Basketball was invented by Dr. James Naismith in 1891 in Springfield, Massachusetts. By 1892, it was quickly adapted for women by Senda Berenson, the director of physical education at Smith College. From the start, the game was popular among girls and women; however, the rules were often modified so that the game was different from that played by boys and men. The first official intercollegiate women's game was played between Stanford and Berkley in 1896, and by 1901 the first official rule book was published with a standard set of rules for women. While there are early records of women's games being played between colleges, the majority of schools did not play outside competition. Instead, they formed class teams that competed against each other and were organzied and managed by the students themselves.
Basketball appears to have been introduced to men at the college by Harry C. Meyer, the Director of Gymnasium at Wooster, during the winter of 1893-1894. By December of 1901, the first university basketball team was formed and began to play games with outside competition.
For women, an early reference in the 1897 Index indicated that Alice Jones had made herself known as a champion of basket-ball. A small drawing of a basket and a figure in what appear to be bloomers accompanied that piece. On March 20, 1903, the girls gave an exhibition basket ball game at the old gymnasium. The Wooster Girls beat the Hoover Cottage Girls 30-4. The Index mentioned that the girl's teams began practicing in the fall term and that they "enjoyed their contest as much as the limited facilities would permit..." The drawing above illustrating that contest was in the Calendar of Events. Individual head shots of many of the women who played in that exhibition can be found in the digital collection. The teams are named on p.97 of the Index (1904).
By the 1904-05 class year, the women had begun to organize class teams to play one another. In particular, this Junior class team (1906) were victorious in a tournament against the Freshman and the Preps, as the sophomores and seniors were unable to organize teams for their classes. Photos of all three class teams appear in the Index (1906) with identifying names and positions. What is most interesting about this section is that the women were playing an unmodified five player game and that they were being coached by male classmates, both very unusual factors at this time. Class basket ball teams continued to be formed for the next couple years, but seem to disappear until the new gymnasium is built in 1912. Shortly thereafter, class teams begin to be formed again.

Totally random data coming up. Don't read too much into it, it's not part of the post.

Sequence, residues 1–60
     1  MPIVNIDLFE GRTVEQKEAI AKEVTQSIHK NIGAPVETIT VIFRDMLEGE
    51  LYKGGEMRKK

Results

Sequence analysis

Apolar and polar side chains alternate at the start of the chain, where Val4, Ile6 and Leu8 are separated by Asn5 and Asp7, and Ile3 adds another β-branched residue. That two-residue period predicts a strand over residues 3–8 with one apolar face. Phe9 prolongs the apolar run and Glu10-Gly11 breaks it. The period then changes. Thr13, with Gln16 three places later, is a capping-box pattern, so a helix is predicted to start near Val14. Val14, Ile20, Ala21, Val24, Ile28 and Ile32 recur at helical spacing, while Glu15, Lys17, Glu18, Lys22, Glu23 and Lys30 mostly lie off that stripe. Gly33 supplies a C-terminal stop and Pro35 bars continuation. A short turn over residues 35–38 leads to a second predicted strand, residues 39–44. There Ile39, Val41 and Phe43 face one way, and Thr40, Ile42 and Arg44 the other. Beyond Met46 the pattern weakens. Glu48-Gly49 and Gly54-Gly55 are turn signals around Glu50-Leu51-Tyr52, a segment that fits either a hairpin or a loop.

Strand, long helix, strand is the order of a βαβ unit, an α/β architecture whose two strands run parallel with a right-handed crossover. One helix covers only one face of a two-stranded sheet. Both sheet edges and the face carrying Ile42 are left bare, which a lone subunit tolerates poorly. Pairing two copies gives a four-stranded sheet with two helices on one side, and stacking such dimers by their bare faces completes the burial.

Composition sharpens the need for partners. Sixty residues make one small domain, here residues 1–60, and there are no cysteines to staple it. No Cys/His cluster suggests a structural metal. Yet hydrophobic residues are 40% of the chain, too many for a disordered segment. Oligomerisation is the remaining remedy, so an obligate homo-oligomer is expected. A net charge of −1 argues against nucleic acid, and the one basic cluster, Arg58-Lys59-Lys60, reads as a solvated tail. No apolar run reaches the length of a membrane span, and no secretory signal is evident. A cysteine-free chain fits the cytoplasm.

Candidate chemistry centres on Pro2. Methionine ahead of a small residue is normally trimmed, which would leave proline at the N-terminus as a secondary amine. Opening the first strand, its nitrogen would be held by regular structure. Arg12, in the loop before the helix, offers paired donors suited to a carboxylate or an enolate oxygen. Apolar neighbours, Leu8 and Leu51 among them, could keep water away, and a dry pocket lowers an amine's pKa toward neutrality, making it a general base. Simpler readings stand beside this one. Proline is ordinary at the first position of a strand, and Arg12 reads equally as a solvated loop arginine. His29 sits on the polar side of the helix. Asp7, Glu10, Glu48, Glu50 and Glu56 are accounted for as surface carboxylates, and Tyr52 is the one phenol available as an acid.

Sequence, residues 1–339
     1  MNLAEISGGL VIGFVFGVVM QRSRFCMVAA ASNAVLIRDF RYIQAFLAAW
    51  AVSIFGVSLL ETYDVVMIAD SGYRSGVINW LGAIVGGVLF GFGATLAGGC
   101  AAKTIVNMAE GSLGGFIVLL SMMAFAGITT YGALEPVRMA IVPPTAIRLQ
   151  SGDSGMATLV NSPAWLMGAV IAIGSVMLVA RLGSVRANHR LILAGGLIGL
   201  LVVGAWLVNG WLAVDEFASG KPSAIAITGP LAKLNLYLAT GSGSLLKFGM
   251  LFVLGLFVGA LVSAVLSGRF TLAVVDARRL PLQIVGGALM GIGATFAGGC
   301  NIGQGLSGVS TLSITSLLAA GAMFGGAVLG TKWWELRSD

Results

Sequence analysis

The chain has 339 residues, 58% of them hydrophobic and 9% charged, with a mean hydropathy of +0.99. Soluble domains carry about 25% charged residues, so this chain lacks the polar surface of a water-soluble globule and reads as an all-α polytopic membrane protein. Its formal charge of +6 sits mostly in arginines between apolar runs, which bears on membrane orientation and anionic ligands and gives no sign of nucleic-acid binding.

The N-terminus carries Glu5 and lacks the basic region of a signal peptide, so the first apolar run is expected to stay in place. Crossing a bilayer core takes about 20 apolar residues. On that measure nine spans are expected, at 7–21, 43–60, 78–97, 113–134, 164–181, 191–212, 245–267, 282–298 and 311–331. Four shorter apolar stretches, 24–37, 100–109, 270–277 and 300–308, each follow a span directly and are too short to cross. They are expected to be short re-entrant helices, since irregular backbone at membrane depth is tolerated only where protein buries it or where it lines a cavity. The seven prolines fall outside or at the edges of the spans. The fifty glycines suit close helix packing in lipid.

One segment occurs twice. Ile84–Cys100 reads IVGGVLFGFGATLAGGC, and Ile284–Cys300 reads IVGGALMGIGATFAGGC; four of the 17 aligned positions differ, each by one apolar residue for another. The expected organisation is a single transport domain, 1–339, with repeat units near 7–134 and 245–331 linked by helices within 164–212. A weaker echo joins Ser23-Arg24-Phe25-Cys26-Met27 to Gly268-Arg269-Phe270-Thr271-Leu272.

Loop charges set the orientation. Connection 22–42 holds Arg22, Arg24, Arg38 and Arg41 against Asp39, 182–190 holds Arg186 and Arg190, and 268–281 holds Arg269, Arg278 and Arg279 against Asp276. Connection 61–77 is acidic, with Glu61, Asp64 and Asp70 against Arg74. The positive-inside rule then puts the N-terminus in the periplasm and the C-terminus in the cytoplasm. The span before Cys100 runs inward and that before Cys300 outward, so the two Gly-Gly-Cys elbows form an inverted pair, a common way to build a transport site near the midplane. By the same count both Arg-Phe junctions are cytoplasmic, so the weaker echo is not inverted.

Sports for women during the 1920's were run by students for students and overseen by the Women's Physical Education Department. This photo shows the first Athletic Council pictured in the 1920 Index. The six women pictured were responsible for the six sports offered to the Wooster women during this era: hockey, track, hiking, basketball, swimming and tennis. Of these sports, basketball and hockey were seen as major sports and the other four were seen as minor sports. Each member of the Athletic Council served as the overall manager for one of the sports, and under that manager were four managers representing each of the class years. That manager's job was to organize tryouts, select the class team, and run practices for her team. Class teams continued to be the major form of competition for women's basketball well into the 1930's. Women could earn chevrons for participation in a specific sport or a "W" for their overall participation in sports.
For the first time, during the 1923-1924 class year, the women chose two All Star basketball teams from the sophomore, junior and senior class teams. They divided those women into the Black Team and the Gold Team and played an All Star game. From that game, they further selected the best basketball players and named them to an Honorary Varsity. While this team never played a game, this was the highest honor that a young women could achieve in athletics at the College of Wooster during this era. The Black and Gold Teams and Honorary Varsity continued through the 1930's. Intramural teams did expand to include not only class teams but also dorm teams as the college moved ito the 1930's.
By the 1940's, social clubs began to provide intramural teams for the team sports and dominated many of those competitions. In addition, for the first time, playdays and sport days began to be mentioned. Playdays were when players from several colleges got together and mixed with each other to form teams to compete in one or more sports. Sport days allowed members from the same school to play together on a team representing their college. These often consisted of All Star teams made up of players from different intramural teams, or a club team in a particular sport. The sport team often played only one or two games a year. The earliest contest mentioned for women's basektball was against Akron College in March of 1941 (Index, 1941). This photo was the first featuring the Wooster women playing in a game against another school. A Wooster All Star team took on Lake Erie College at home, winning 46-42 (Index, 1944).
Club Teams, Varsity Program (1960's)
Formation of Conferences and NCAA Play
Highlights, Top Players, HOF